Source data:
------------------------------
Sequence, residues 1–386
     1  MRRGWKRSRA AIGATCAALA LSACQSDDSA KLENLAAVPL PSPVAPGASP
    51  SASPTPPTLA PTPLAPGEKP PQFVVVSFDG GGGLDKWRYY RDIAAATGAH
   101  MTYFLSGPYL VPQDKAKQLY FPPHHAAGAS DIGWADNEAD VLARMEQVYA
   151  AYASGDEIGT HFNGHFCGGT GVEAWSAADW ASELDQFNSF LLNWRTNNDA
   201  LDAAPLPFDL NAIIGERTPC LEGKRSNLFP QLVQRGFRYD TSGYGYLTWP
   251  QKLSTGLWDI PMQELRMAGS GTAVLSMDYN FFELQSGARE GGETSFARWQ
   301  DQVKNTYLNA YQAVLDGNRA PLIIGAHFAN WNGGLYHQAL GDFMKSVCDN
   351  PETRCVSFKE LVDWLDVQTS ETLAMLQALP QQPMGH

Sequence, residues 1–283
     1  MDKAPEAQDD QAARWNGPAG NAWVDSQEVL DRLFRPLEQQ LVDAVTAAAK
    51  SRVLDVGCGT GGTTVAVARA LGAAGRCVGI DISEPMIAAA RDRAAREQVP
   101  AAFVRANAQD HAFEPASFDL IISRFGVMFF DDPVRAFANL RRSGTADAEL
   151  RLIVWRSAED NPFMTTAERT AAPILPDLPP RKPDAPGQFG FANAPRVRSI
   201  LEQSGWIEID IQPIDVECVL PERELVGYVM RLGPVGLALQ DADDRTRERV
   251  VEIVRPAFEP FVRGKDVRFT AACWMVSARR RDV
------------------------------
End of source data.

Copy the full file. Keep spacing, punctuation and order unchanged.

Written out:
Sequence, residues 1–386
     1  MRRGWKRSRA AIGATCAALA LSACQSDDSA KLENLAAVPL PSPVAPGASP
    51  SASPTPPTLA PTPLAPGEKP PQFVVVSFDG GGGLDKWRYY RDIAAATGAH
   101  MTYFLSGPYL VPQDKAKQLY FPPHHAAGAS DIGWADNEAD VLARMEQVYA
   151  AYASGDEIGT HFNGHFCGGT GVEAWSAADW ASELDQFNSF LLNWRTNNDA
   201  LDAAPLPFDL NAIIGERTPC LEGKRSNLFP QLVQRGFRYD TSGYGYLTWP
   251  QKLSTGLWDI PMQELRMAGS GTAVLSMDYN FFELQSGARE GGETSFARWQ
   301  DQVKNTYLNA YQAVLDGNRA PLIIGAHFAN WNGGLYHQAL GDFMKSVCDN
   351  PETRCVSFKE LVDWLDVQTS ETLAMLQALP QQPMGH

Sequence, residues 1–283
     1  MDKAPEAQDD QAARWNGPAG NAWVDSQEVL DRLFRPLEQQ LVDAVTAAAK
    51  SRVLDVGCGT GGTTVAVARA LGAAGRCVGI DISEPMIAAA RDRAAREQVP
   101  AAFVRANAQD HAFEPASFDL IISRFGVMFF DDPVRAFANL RRSGTADAEL
   151  RLIVWRSAED NPFMTTAERT AAPILPDLPP RKPDAPGQFG FANAPRVRSI
   201  LEQSGWIEID IQPIDVECVL PERELVGYVM RLGPVGLALQ DADDRTRERV
   251  VEIVRPAFEP FVRGKDVRFT AACWMVSARR RDV